Leading psychiatrist warns the recession is making people mentally unwell
September 21, 2012
The country’s most senior psychiatrist has warned that the economic downturn is making previously well people mentally ill.
Professor Sue Bailey OBE, president of the Royal College of Psychiatrists, spoke at the opening of Manchester’s first medical education centre, specifically designed to train doctors about mental health issues.
She works in child and adolescent mental health services in Greater Manchester and gave her views on NHS reform, stating that the recession was having an impact on people’s mental health.
She also criticised the current benefits and welfare system, saying that people with mental health problems needed support to get better – and cutting their benefits would not help.
Speaking at the opening of Manchester Mental Health and Social Care Trust’s centre, she said: “The challenge of suicide prevention is not those people known to our services, but those that have never been known and are now being affected by the recession.
“Suicide rates will inevitably continue to increase when users of mental health services are under these sorts of pressures.”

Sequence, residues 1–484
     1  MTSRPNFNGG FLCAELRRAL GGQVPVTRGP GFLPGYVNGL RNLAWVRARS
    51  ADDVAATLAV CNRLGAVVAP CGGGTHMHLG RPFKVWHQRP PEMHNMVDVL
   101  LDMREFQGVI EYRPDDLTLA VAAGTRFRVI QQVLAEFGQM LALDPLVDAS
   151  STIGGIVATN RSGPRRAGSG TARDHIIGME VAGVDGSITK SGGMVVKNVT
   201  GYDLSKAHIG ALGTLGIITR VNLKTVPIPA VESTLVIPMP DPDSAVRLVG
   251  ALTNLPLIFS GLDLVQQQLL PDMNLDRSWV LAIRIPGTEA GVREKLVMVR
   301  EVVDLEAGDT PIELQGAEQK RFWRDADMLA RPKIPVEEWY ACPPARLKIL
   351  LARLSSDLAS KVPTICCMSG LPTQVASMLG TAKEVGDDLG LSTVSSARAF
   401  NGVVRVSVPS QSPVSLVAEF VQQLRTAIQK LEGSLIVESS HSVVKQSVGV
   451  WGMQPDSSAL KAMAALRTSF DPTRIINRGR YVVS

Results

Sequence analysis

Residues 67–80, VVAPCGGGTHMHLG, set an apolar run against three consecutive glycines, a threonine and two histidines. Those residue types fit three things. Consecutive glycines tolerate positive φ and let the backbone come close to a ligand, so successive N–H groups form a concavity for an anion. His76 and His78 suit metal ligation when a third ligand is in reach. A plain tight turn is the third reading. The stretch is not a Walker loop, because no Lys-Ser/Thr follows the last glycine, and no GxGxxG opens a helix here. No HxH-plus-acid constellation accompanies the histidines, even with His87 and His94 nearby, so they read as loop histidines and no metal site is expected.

Prof Bailey said she believes patients must remain at the heart of care despite a shake-up of the NHS and the passing of the government’s unpopular Health and Social Care Bill.
“Life after the Bill will still mean doing our best for patients.
“Psychiatrists have the skills, training and mindset to provide leadership in the broader health environment, not just in mental health, and I would like to see more of them stepping up to the challenge.”
She welcomed the new facility at North Manchester General Hospital and heard how it will act as an education hub for medical students, junior doctors and consultants.
The centre will help to train the next generation of psychiatrists and mental health experts and was hailed as a vital resource for the region.
Prof Bailey added: “This is a place where all the professions can get together to share their educational knowledge and combine it with clinical knowledge to make improvements for service users and carers.
“It gives the opportunity for time away and reflective thinking, which is something that health professionals rarely get these days as they are making such difficult decisions.”